“My little brother and I had the run of the house,” Jeremy remembered. At the goading of neighborhood teenagers, he started sniffing glue and paint thinner, and within five years he’d met his “mistress”—the only substance that could remove his insecurities.
“Heroin gave me a sense of peace. I didn’t need others’ attentions or love. It made me emotionless, and I didn’t care what anyone thought of me.”
Success and Panic
Somehow he did find love. An uncle offered him a job in Michigan where he met his wife of 10 years. Within a year of his move, his salary hit near six figures affording a beautiful home, lavish Caribbean vacations, and a cover. No one understood the severity of his addiction. The bills were being paid.
“That level of success was hard for me. Everyone saw the good in me, but I was blind to it. I was so afraid of screwing up my two kids. I didn’t have a father, or a mentor and had no gauge for what a good father was supposed to be. All I knew was hatred and abuse.”
He panicked, his stepfather’s words echoing in his mind. “For eight years I heard that stuff and it stuck. I honestly didn’t believe I deserved this life.” So, he sabotaged himself with infidelity, lies and continued heroin use. The day he sold his kids’ Christmas gifts, his wife had had enough.
He moved back to Baltimore and the race to the bottom picked up speed.
Jeremy finally crashed in January 2019 when his younger brother, Deejay, overdosed on two pills Jeremy had left in his backpack, along with a clean needle. “My soul broke that day.”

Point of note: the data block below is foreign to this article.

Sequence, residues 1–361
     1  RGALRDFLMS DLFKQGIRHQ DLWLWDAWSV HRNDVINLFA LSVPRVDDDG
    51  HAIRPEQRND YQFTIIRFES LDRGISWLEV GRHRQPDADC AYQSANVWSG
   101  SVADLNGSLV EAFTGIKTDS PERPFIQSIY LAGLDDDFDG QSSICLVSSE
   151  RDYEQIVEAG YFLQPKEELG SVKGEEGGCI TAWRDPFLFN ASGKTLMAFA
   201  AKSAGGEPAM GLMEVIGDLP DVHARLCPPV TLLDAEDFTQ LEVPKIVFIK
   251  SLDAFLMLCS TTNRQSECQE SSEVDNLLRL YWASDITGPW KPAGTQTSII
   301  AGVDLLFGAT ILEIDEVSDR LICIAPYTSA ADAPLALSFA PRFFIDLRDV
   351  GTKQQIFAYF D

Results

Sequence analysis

So consumed with guilt, he spent the next year abusing fentanyl, sometimes inside abandoned houses littered with used needles and human waste. The months-long binge, however, didn’t end his life as intended. Instead Jeremy ended up at HUM, and, more particularly, inside the chapel where he heard a voice say, “Let it go.”
Sitting alone, Jeremy cried inconsolably for more than an hour, praying for help and spiritual healing.
But that healing didn’t come, despite his continued prayers. “I started getting angry, enraged,” he told me. His counselor told him to “sit with it,” assuring Jeremy that God wanted a relationship with him. “What do you mean I have to sit with it?” Jeremy thought. “I may as well be talking to a wall.”
The Healing Vision
Jeremy’s breakthrough happened on a Thursday as he sat with fellow residents during the trauma class. “Are you ready? Here it comes,” said a voice inside his head. After that, Jeremy got cold chills, felt something enter his body, and the visions began.
“I looked up and saw this big bright light with a golden hue that I perceived to be God. I felt God’s sorrow. When I looked down, I saw Jesus being whipped, saw the leather whip, his stripes, the crown, and the blood…The emotion got stronger, and I felt God’s sadness and saw Him crying.
“I turned my head to the right and saw myself crying. My stepdad was hurting me with his belt buckle.” At that moment, Jeremy understood everything.
“I saw my stepdad’s father doing the same thing to him. ‘See, hurt people hurt people,'” the voice said.
Today, Jeremy is a new man, grateful for his experiences. “No one can shake my faith,” he said.
“My receiving and giving forgiveness were my spiritual awakening. God, Jesus, and the Holy Spirit were in that room with me, healing me from the pain. Why those things happened to me doesn’t matter. God has something better for me.”
In a couple of years, he wants to buy a home, reconnect with his sons, and continue his work helping recovering addicts. “My purpose, I believe, is to show people how God uses the story of a desperate heroin addict like me into a story of faith and redemption.”
God be with you, Jeremy.
Today, Jeremy shares his story with HUM residents and hopes to reach recovering addicts living beyond Baltimore. Here is a recording of one such session. WARNING: GRAPHIC LANGUAGE!